The word ‘sustainable’ can ring hollow. Like ‘the environment’ and ‘the people’, ‘sustainable’ is an easy thing to say without meaning much. One of my most loyal blog followers, eqfe, has commented a few times about my ‘sustainable’ tag here. He has a point!
So I’m thinking about biofuels. These are fuels made from organisms, whether large or small. All organisms can breed, so in that sense, biofuels are renewable. But what harm do they do? Are any kinds of biofuel sustainable in a way that means anything? I’ve written before about sustainability for farming and food.
Today my fellow blogger narhvalur points out some biofuel news which sheds light (pun intentional.) Here it is. Barbara Lewis at PlanetArk reports that the European Parliament’s environment committee has voted to limit the use of crop-based biofuels. Ms Lewis explains why that kind of biofuels is ‘increasingly seen as doing the planet more harm than good.’
Here’s what goes wrong with crop-based biofuels. Land that could be used to grow or gather food for people gets used to grow food for cars. Maize (corn, Zea mays), oil palm (Elaeis guineensis), oilseed rape (rapeseed, canola, Brassica napus). The fancy name for that kind of going-wrong is ‘indirect land-use change’ (ILUC). Another blogger, Sara Fazal, summed it up starkly as ‘Starving Poor, Racing Cars’.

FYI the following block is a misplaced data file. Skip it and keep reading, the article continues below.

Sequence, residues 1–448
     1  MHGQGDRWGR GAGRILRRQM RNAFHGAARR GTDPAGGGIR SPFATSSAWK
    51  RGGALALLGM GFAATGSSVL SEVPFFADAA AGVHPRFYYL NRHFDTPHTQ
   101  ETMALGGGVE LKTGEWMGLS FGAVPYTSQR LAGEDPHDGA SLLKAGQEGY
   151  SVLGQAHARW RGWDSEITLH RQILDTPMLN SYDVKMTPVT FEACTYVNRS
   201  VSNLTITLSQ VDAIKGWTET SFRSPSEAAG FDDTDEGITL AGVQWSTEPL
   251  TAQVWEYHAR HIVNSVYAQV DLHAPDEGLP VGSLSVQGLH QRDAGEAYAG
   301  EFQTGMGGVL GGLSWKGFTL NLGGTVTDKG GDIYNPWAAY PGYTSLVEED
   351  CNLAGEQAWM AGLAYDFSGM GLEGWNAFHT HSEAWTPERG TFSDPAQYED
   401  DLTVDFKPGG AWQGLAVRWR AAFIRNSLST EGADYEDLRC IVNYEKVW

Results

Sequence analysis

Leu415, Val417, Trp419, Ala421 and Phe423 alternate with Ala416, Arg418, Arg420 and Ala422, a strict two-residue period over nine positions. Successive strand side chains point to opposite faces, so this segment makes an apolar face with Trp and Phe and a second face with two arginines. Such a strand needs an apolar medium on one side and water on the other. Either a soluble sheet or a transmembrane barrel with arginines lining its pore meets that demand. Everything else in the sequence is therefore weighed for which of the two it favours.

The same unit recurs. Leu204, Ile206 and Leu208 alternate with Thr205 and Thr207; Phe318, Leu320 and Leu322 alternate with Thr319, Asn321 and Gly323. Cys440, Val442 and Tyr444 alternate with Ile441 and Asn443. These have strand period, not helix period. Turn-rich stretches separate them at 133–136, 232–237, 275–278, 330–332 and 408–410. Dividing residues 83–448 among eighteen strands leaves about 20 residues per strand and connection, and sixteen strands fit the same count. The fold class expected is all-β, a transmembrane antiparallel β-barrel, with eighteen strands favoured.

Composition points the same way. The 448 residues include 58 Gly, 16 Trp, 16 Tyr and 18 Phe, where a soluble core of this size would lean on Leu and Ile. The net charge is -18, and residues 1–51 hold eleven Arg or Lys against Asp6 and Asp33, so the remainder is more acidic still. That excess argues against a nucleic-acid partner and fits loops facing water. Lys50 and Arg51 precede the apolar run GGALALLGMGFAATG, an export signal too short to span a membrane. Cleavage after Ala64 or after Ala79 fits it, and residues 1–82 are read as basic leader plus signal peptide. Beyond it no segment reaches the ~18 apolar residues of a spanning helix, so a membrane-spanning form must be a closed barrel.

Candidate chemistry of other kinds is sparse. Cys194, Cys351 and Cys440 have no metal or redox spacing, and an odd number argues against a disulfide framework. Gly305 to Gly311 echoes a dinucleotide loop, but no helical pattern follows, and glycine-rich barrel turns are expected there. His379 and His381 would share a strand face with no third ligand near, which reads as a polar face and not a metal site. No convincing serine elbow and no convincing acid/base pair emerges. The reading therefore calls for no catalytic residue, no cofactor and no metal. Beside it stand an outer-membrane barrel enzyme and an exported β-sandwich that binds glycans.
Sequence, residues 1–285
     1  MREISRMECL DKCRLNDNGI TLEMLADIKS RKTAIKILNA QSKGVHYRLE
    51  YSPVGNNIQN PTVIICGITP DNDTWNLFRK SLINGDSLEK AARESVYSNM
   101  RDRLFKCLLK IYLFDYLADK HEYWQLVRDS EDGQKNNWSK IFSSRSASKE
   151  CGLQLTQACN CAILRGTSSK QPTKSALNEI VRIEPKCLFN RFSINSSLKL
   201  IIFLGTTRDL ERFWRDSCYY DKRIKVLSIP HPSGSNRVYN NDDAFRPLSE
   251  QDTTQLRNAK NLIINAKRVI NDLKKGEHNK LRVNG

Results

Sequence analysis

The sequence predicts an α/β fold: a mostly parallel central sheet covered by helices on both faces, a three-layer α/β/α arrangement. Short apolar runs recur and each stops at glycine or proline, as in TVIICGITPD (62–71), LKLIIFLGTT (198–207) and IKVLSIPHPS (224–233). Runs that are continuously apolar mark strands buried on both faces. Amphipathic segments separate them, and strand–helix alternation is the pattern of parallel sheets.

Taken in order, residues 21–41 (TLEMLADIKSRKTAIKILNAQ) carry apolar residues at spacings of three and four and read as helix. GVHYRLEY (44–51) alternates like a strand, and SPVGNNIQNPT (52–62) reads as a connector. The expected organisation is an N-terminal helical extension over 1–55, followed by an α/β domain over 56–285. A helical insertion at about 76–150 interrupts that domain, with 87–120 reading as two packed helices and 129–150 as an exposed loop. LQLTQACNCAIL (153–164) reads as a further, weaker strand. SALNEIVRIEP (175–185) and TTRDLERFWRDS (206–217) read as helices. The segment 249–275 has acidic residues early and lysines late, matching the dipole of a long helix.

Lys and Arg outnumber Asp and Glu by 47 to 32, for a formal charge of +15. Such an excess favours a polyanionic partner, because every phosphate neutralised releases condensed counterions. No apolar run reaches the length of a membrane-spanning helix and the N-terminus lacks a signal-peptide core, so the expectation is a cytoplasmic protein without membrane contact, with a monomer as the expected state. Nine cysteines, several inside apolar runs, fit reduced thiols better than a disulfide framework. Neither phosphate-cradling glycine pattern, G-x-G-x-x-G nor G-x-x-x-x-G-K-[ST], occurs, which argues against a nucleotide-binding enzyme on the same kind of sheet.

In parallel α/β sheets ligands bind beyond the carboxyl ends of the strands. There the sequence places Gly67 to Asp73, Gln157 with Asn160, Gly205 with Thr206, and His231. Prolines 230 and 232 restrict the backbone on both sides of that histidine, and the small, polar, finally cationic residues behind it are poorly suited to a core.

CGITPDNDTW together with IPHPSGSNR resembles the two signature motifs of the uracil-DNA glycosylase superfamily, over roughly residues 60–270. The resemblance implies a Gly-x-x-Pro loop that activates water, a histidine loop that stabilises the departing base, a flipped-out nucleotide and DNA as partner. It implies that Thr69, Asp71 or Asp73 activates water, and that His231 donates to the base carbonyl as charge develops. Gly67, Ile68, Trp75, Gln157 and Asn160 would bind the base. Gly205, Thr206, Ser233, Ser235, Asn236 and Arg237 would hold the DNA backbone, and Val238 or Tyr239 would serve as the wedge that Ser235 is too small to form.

Because of these kinds of thinking, for several years there’s been concern about ILUC in Europe and on our trading partners’ land. But let’s not get carried away. For biofuels as for genetic modification and other kinds of biotech, this isn’t a simple good/bad argument.
Ms Lewis tells us that advanced or ‘second-generation’ biofuels may provide a better way forward. ‘Made from waste or agricultural residues rather than food crops, these are seen as the most sustainable type of biofuel, but are still at an early stage of commercialisation.’ This could mean little organisms or even littler ones. It could be farmed insects. Here’s some science about insects for biodiesel production. It could be farmed algae. I’ve told you before that I think algal biofuels are exciting.
Meanwhile we have crop-based biofuels. For those kinds of biofuel in Europe, the Fat Lady isn’t singing yet. Even the European Parliament’s environment committee vote hasn’t yet led to a change in the law. There’ll be another vote in September and then we can expect more wrangling between member states.
[Edit] A few days after I wrote this post, narhvalur alerted me to more biofuel news. In the States, the home of crop-based biofuels, people who make these fuels are now to obey the same rules on carbon emissions as everybody else.